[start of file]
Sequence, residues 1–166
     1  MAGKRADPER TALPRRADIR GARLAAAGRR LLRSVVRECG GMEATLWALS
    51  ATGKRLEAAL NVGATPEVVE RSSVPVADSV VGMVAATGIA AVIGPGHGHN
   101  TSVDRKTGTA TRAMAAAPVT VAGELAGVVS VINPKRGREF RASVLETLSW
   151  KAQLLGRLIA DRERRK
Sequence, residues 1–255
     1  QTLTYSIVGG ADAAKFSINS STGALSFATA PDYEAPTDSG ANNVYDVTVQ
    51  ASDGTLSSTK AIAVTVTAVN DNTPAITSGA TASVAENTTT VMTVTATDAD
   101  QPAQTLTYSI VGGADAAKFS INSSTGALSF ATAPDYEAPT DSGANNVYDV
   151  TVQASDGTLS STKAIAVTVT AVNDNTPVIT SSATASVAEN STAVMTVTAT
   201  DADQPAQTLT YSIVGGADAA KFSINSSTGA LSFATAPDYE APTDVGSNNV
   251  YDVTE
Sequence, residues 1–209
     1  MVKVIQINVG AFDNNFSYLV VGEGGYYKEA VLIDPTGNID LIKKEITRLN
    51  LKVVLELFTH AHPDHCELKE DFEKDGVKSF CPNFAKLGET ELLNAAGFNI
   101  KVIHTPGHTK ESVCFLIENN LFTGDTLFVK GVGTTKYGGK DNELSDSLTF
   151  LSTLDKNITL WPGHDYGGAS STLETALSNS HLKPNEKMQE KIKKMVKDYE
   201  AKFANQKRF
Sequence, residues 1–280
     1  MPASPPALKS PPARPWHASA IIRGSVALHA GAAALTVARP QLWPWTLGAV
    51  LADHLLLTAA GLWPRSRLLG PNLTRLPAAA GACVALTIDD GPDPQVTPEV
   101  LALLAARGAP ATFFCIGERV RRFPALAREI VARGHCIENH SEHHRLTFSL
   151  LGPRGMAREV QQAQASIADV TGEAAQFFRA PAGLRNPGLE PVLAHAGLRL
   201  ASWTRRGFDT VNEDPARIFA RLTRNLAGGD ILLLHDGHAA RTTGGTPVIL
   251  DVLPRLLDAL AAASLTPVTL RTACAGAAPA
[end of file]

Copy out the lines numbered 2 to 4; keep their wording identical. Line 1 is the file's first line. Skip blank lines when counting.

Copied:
     1  MAGKRADPER TALPRRADIR GARLAAAGRR LLRSVVRECG GMEATLWALS
    51  ATGKRLEAAL NVGATPEVVE RSSVPVADSV VGMVAATGIA AVIGPGHGHN
   101  TSVDRKTGTA TRAMAAAPVT VAGELAGVVS VINPKRGREF RASVLETLSW